• The FWER is the probability of making one or more false discoveries. FWER is common in genetic association studies providing an interpretation that of all loci there is an $\alpha$ chance that are one or more are spurious. Bonferroni correction controls the FWER by accepting tests whose p-values are less than $\frac{\alpha}{N}$ where $\alpha$ is the type I error rate and $N$ is the number of hypotheses.
• The FDR involves selecting a set of observation (the positive tests) which constrains the expected number of false positives ($\mathbb{E}$FP) selected relative to true positives to a desired proportion: i.e. $\mathbb{E}\left[\frac{\text{FP}}{\text{FP} + \text{TP}}\right] \leq \alpha$. The FDR is less conservative than the FWER and is useful whenever we want to interpret the trends in a dataset even if individual findings may be spurious. This thought process fits nicely into genomics where differential expression analysis is frequently coupled to reductionist approaches like Gene Set Enrichment Analysis (GSEA).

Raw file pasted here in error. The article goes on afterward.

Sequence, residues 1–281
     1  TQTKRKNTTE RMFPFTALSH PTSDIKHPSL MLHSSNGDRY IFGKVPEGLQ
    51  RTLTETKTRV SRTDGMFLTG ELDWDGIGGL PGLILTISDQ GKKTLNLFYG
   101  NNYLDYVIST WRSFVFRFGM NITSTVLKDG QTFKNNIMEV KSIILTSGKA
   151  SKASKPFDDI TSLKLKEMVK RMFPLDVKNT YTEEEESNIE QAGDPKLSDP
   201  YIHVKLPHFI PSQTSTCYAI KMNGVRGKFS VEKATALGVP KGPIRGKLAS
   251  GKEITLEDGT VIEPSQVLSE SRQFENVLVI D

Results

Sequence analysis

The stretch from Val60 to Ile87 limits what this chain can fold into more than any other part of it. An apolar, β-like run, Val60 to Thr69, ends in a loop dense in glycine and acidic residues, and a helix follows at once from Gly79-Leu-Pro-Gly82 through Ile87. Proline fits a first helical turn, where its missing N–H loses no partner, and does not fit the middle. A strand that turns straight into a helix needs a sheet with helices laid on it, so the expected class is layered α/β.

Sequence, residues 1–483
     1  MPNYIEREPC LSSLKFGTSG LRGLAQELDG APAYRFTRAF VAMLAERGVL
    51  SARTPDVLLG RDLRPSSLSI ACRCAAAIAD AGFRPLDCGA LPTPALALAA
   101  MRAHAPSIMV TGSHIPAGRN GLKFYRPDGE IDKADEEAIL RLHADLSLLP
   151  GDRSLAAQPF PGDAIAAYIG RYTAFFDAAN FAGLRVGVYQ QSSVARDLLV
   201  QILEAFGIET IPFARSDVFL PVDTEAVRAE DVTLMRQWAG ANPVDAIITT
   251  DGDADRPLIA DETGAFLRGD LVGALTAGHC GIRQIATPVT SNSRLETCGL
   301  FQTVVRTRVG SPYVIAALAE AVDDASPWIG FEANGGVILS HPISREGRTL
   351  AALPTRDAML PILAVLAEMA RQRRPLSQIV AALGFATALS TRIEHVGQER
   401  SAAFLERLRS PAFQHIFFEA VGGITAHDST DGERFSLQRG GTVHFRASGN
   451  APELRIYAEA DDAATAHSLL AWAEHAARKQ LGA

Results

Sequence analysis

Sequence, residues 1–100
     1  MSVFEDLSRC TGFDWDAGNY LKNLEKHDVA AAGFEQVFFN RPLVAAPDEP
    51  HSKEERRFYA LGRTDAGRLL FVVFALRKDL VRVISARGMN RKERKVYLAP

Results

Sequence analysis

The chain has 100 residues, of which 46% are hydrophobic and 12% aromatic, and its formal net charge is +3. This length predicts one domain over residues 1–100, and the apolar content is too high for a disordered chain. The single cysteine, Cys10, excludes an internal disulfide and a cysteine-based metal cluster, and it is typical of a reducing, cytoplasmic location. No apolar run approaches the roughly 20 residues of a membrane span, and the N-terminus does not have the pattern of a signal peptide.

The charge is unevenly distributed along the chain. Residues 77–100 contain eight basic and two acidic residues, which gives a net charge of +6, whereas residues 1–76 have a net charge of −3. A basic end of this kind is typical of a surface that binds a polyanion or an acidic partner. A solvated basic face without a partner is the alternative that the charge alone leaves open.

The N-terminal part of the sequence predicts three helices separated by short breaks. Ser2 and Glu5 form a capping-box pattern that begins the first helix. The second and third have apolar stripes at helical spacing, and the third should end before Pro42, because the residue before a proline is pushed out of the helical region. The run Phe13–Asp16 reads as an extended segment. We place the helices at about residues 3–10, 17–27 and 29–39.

The FWER and FDR control different properties so its not entirely fair to compare them yet I often see people controlling the FWER and then interpreting results as if they were controlling the FDR (and vice versa) so its important to note their practical differences. Whenever we have multiple hypotheses, the FWER will be more conservative (underestimating changes) than the FDR and this difference in power between the FDR and FWER widens with the number of hypotheses being tested. If we carried out more tests the p-value threshold for detecting discoveries would drop (perhaps resulting a drop in discoveries with more features!) while this threshold should be constant if we are controlling the FDR resulting in a proportional increase in the number of significant hits as we detect more features. This distinction is frequently misunderstood - folks will say things like “I’m not sure these changes would survive the FDR.” The shadow of the FWER results in a perception that collecting more information will prevent us from detecting “high confidence” hits. In reality, a well-selected FDR procedure can help to squeeze the most power out of a dataset.